Regardless of the subcategory of malware that attacked your Opera browser, the cleanup tends to be more complex than the standard low-level troubleshooting. The adware may or may not be listed on Control Panel’s Add/Remove Programs interface. Even if it’s there, uninstalling it doesn’t necessarily lead to easy remediation of the adverse changes. Restoring the right preferences manually is hardly ever efficient either. The instructions below are an aggregate of the knowledge provided by security professionals in the context of eradicating viruses from Opera.
Techniques to remove malware from Opera
There are several vectors applicable to eradicate malicious code that ended up in your browser. Since both search hijackers and ad-inserting bugs tend to be embodied as malicious extensions or plugins, the first workaround is to uninstall these apps. While this approach is often efficient, sometimes it won’t work – it all depends on severity of a particular threat. In the worst case scenario, resetting Opera works flawlessly, but this procedure will erase all personalized browsing data. So try the former technique first, and if it doesn’t help, proceed to the latter (steps to be provided below).
Method 1: Manual removal of malicious components from Opera
- Click the Customize and control Opera button in the top left-hand part of the window, select Extensions in the drop-down, and click Extensions in the expanded menu
- Find the potentially harmful extension on the list and click Disable as shown below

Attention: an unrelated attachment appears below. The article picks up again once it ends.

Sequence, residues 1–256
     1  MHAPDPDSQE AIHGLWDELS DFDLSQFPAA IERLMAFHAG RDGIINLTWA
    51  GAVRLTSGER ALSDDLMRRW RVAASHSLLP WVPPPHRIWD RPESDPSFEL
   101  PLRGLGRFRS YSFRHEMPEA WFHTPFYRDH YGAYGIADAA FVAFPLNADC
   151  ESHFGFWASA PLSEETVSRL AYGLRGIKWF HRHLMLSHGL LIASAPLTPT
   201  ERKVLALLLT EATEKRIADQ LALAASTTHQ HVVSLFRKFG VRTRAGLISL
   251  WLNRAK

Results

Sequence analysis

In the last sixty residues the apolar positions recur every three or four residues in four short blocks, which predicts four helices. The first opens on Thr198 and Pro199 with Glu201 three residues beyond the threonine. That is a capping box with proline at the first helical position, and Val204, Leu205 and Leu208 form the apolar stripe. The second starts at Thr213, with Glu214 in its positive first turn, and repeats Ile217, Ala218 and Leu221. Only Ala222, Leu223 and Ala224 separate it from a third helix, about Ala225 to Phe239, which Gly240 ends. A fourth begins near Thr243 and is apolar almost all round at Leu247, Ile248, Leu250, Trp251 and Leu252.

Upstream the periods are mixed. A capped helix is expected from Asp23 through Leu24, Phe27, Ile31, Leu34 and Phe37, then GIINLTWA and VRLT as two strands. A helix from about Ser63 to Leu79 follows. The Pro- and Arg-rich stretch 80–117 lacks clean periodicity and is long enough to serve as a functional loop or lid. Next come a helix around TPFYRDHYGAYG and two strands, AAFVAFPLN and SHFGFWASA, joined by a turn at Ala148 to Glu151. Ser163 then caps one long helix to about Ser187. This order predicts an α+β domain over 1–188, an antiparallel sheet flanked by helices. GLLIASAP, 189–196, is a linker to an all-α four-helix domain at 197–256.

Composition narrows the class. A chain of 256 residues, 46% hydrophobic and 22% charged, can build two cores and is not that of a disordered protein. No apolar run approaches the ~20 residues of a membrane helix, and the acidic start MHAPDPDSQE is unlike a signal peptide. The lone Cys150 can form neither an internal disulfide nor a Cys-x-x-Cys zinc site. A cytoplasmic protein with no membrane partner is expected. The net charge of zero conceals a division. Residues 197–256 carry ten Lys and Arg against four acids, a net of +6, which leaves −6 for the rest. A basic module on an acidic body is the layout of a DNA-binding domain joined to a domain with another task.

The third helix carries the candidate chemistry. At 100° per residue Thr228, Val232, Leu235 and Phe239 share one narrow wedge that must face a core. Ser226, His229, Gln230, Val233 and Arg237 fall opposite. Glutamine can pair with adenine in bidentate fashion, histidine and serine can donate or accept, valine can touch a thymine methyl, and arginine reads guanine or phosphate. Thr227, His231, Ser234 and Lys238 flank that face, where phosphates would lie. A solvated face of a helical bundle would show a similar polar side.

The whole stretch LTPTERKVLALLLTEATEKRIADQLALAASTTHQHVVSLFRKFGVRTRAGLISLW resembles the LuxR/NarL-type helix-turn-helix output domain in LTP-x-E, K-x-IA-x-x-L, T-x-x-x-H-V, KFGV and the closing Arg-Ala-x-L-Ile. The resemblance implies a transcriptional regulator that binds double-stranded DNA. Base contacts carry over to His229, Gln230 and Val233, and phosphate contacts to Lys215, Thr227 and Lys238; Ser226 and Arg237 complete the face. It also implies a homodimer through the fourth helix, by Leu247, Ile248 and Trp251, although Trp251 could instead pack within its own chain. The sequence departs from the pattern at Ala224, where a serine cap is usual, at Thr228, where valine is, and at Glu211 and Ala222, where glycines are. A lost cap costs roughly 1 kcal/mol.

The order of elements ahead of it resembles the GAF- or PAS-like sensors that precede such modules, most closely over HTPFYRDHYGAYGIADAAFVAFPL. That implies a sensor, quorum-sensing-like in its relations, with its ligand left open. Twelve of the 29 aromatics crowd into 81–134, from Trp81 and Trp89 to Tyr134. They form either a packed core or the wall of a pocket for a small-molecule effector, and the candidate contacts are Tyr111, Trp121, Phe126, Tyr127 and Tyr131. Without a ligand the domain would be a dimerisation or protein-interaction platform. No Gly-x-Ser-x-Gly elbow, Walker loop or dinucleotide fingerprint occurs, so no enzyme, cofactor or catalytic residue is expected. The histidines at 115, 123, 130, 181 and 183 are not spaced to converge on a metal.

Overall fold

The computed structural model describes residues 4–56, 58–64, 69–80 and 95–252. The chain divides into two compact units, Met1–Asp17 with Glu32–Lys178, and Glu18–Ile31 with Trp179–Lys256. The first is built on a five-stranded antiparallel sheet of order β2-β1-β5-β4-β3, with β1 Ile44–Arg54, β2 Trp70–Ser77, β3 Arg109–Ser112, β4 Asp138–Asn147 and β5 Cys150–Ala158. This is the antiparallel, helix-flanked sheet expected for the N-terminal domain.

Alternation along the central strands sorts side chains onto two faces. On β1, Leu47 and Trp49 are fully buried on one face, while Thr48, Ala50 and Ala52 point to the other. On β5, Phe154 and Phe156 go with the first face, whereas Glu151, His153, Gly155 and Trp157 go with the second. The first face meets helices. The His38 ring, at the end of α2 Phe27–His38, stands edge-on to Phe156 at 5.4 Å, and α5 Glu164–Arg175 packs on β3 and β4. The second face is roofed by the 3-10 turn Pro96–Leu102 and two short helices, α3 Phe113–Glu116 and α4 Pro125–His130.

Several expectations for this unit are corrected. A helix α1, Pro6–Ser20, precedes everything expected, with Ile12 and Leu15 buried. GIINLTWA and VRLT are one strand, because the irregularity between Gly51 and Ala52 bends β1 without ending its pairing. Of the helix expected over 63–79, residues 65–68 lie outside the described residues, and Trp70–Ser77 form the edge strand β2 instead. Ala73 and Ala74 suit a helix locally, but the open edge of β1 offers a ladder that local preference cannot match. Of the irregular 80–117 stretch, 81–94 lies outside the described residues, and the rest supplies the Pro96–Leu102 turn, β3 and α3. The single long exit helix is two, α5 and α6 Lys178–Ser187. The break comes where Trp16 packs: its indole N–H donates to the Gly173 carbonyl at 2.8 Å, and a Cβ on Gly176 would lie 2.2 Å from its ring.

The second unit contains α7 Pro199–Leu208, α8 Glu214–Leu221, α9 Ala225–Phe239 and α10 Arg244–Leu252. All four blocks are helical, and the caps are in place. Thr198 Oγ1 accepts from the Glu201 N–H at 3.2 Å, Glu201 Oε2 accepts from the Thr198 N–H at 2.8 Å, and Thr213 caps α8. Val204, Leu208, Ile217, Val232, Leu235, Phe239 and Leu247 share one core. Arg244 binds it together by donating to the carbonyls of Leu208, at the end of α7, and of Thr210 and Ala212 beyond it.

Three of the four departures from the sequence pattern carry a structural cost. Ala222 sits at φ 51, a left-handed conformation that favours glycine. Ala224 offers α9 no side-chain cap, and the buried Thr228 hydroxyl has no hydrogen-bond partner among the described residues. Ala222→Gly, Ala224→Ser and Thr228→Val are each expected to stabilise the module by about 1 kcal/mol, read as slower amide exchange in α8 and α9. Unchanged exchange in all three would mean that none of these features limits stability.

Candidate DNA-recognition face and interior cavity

- Once the troublemaking extension has been disabled, go ahead and click the X button in the upper right-hand part of the screen section to remove it from Opera
- When a confirmation dialog pops up, click Remove to get rid of the extension completely
- Click the Customize and control Opera icon again and select Settings
- Proceed to the section called On startup under Settings and select the radio button for Open a specific page or set of pages option
- Spot the unwanted homepage imposed by the malware, click More actions (⁝) icon next to it, and select the Remove option
- Now pick the option saying Add a new page, enter the preferred start page, and click Add
- Proceed to the Search engine section under Settings and select your preferred search engine on the list
- Restart Opera and browse around a bit to check if the problem has been fixed. If the symptoms aren’t occurring anymore, you’re good to go. In the event the issue persists, move on to the following troubleshooting vector.
Method 2: Reset Opera to its defaults
- Click Customize and control Opera and select Settings
- Select the Advanced option in the left-hand part of the screen, go to Privacy & security, and click Clear browsing data
- When a dialog pops up, make sure all checkboxes are activated, select All time in the Time range drop-down list, and click Clear data at the bottom
- You are done resetting Opera. Do some test browsing to see if things are okay now and whether the malware is gone.
Verify whether the virus has been completely removed from Opera
For certainty’s sake, it’s advised to run a scan with automatic security software in order to make sure no harmful remnants of this adware are left inside Windows Registry and other operating system locations. This method should also be employed in case the manual troubleshooting workflows ended up being inefficient.